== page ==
As cusps in axisymmetric models always degenerate to a point singularity in the source plane, next to which sources form two images on opposite sides of the lens, the only applicable axisymmetric case for our approach are double images at radial critical curves. Hence, models with tangential critical curves only, such as the point mass or the singular isothermal sphere, can be excluded from the analysis. Furthermore, lying much closer to the lens centre than the tangential critical curves, images near radial critical curves are hard to detect and, so far, only a few of them have been found; see Molikawa & Hattori (2001) and Meneghetti et al. (2013) for an overview of the current observational status. Despite the restricted number of viable axisymmetric models, such as the non-singular isothermal sphere, the Plummer (1911), Navarro-Frenk-White (Navarro et al. 1997), and Hernquist (1990) models and the small number of confirmed, observed radial arcs, this class of model may still prove useful for primary lens models when adding external shear, as detailed in Sect. 3.3.

thumbnail Fig. 2

Dependence of on the model parameters p and κ0 for the non-singular axisymmetric models, shown in a three dimensional feature space for p ∈ [0,0.5] and κ0(1,10].

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Moreover, to show how model parameters can be obtained in the case of an underdetermined system of equations, we consider the subclass of non-singular axisymmetric models given by (33)as defined in Schneider et al. (1992). For p = 0, the distribution yields the Plummer model, for p = 1 / 2, we obtain a non-singular isothermal sphere. In these two cases, κ0 is given by (34)where G denotes the gravitational constant, M the total lensing mass, rc the finite core radius of the lens, and σ2 the (measurable) velocity dispersion along the line of sight. The other quantities remain the same as defined in Sect. 2.1.

As x(0) is only determined numerically for given values of p and κ0, we obtain the ratio of derivatives dependent on p and κ0 as shown in Fig. 2 in the parameter range of p ∈ [0,1 / 2] and κ0 ∈ (1,10]. Given measured values for , the viable (p,κ0)-sets can be read off the graph, as indicated by the black area for the example range of .

3.2. Elliptical lens models

Elliptical lens models can be further divided into two classes, elliptical mass distributions and elliptical lensing potentials, as compared in Kassiola & Kovner (1993). For large ellipticities, the latter generate dumb-bell shaped, unrealistic mass distributions, while for small ellipticities an equivalence relation to elliptical mass distributions can be found (see Sect. 5 of Kassiola & Kovner 1993, for details), such that elliptical potentials yield similar observables as elliptical mass distributions. To simplify calculations further, an axi-symmetric primary potential with external shear can also be considered equivalent in many cases of small ellipticities, as stated in Kovner (1987).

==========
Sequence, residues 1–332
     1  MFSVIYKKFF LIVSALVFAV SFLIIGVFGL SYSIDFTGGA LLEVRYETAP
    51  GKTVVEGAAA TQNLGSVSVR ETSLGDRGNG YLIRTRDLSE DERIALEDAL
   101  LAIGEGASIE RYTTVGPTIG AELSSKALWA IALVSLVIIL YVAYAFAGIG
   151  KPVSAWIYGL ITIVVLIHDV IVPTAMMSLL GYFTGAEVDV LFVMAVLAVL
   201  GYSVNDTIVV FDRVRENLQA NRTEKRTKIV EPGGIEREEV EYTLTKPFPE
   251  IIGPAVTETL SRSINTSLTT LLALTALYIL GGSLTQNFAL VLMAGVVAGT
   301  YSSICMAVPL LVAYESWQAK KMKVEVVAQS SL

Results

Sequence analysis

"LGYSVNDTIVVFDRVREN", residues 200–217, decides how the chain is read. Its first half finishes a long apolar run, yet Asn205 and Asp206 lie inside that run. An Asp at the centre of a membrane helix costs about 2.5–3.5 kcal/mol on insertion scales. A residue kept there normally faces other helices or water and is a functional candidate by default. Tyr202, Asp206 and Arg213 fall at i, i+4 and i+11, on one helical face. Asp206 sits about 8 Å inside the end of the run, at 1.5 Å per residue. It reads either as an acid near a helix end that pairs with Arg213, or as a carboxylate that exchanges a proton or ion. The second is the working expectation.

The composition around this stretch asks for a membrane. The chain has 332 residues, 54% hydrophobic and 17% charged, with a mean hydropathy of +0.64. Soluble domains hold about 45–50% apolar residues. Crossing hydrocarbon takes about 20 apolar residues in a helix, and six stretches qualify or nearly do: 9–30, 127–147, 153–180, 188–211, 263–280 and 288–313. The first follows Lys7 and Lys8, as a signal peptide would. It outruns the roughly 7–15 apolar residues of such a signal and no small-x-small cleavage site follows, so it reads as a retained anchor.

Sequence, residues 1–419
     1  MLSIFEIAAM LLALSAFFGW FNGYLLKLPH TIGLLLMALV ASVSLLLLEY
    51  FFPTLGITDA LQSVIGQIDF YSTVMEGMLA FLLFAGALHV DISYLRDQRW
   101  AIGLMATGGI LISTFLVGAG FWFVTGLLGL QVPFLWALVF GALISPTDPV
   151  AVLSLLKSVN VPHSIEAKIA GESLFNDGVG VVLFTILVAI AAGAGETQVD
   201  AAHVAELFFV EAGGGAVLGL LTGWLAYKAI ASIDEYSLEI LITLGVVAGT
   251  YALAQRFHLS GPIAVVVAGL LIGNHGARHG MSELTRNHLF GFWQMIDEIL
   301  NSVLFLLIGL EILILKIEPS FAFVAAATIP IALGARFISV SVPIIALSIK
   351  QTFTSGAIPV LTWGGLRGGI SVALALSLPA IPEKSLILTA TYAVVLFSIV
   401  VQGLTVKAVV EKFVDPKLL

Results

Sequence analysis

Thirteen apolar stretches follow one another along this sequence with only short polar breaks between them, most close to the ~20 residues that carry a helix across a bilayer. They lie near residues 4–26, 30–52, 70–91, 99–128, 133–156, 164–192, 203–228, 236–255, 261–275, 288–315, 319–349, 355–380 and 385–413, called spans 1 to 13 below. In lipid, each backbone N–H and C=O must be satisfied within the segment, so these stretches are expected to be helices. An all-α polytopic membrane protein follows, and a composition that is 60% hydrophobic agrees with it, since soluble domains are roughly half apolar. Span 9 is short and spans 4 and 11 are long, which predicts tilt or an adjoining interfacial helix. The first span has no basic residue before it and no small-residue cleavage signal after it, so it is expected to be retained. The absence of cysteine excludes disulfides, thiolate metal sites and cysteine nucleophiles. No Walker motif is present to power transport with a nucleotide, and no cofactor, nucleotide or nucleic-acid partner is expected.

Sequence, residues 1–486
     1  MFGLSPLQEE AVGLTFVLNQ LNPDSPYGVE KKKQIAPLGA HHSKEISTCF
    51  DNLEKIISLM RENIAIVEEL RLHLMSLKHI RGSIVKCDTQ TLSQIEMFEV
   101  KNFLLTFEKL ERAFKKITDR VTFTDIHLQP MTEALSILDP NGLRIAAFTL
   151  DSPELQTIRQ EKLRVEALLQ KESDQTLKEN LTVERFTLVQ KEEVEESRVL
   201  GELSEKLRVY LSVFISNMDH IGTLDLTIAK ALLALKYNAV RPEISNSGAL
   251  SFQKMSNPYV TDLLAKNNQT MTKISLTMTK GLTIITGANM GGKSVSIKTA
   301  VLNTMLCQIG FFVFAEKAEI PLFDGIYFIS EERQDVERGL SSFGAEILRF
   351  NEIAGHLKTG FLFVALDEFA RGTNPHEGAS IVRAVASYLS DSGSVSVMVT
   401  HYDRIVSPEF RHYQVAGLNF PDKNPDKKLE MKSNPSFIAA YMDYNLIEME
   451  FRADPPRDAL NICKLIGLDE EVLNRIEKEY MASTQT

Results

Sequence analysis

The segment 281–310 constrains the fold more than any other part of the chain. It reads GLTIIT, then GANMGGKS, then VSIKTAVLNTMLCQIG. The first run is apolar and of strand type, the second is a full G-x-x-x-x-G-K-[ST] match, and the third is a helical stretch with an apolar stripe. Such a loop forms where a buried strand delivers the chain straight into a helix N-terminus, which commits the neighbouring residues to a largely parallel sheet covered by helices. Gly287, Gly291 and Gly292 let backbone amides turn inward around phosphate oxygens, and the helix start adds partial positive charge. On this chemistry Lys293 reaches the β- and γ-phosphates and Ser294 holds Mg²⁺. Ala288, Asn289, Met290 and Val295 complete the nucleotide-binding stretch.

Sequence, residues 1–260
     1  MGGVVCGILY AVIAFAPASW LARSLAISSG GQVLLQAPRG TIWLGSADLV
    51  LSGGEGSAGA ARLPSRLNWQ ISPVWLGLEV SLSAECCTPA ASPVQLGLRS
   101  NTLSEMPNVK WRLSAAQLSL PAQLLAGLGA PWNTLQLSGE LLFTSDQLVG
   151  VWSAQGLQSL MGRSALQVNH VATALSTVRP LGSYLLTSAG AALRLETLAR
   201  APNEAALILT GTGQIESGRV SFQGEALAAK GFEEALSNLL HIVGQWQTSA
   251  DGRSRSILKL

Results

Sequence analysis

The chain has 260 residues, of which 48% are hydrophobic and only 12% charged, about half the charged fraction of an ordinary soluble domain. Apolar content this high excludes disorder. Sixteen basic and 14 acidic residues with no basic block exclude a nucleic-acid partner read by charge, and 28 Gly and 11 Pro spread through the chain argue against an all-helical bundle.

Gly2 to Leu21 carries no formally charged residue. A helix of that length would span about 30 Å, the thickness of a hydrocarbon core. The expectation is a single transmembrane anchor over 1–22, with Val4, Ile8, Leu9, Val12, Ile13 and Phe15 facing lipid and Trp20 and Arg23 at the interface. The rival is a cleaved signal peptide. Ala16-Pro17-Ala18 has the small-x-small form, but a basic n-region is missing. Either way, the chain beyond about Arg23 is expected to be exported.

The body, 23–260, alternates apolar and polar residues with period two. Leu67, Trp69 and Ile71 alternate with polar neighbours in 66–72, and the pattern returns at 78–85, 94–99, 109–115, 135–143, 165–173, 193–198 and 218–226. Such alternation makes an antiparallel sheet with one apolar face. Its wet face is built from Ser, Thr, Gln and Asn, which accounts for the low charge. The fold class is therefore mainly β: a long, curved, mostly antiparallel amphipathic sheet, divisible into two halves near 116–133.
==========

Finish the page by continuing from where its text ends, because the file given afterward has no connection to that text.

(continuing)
For the general case of arbitrary ellipticity, we now calculate the model parameters of a singular isothermal ellipse (SIE) as a representative example model of elliptical mass distributions, which we test for its suitability to describe the gravitational lensing configurations shown in Sect. 4. The deflection potential of an SIE in polar coordinates is given by (35)with (36)and (37)where f denotes the axis ratio of the semi-minor to the semi-major axis in addition to the quantities already introduced.

Inserting ψ into the lensing potential φ(x) = 1 / 2(xy)2ψ(x) and calculating the derivatives of this lens model as required by Eqs. (24) and (25), we can use these equations to solve for a and f to obtain (38)for images in the vicinity of a cusp singularity on the semi-major axis of the lens and (39)for images in the vicinity of a cusp singularity on the semi-minor axis of the lens, with given by the right-hand side of Eq. (24) and by the right-hand side of Eq. (25) containing the measured quantities.

Table 2

Measured quantities for B1422+231 as summarised in JVAS Collaboration (1992).

3.3. External shear

External shear is included into the analysis by adding the term (40)to the lensing potential φ(x) of the primary gravitational lens, where Γi, i = 1,2 are real constants. They parametrise the external shear whose orientation θ and magnitude Γ are given by (41)Since φΓ is quadratic in the coordinates, second-order derivatives of the lensing potential change to and all higher-order derivatives remain unchanged. Thus, information from measured time delays is also not affected. This implies that external shear only affects the denominator of the ratios of derivatives in Eqs. (10), (24), and (25). For a fixed, measured right-hand side, the convergence of the primary model with external shear changes compared to the convergence of a model without external shear κ(x(0)) according to (45)now to be taken at the new position of the critical curve after introducing the external shear.

Since adding a constant external shear is a global property of the lens mapping, a consistency check can be established by comparing the values of Γi, = 1,2 determined by several sets of images. For this, the shear values obtained at different singular points have to be aligned by rotation into one global coordinate system.

4. Examples

thumbnail Fig. 3

MERLIN map of B1422+231 at 5 GHz radio frequency, shown here to define our labelling of the four gravitationally lensed images. Images A, B, and C are close to a cusp singularity, A being closest to the singular point. Image D is on the opposite side and thus not included in our data analysis.

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4.1. Galaxy lensing – JVAS B1422+231

JVAS B1422+231, as first described in Patnaik et al. (1992), is a quadruple-image gravitational lens at z = 0.34 showing three images of a source at z = 3.62 lying close together, as shown in Fig. 3. The measured data for this system is summarised in Table 2. They suggest that the images A, B, and C originate from a source near a cusp singularity in the caustic. Following our earlier notation, we label the images as shown in Fig. 31.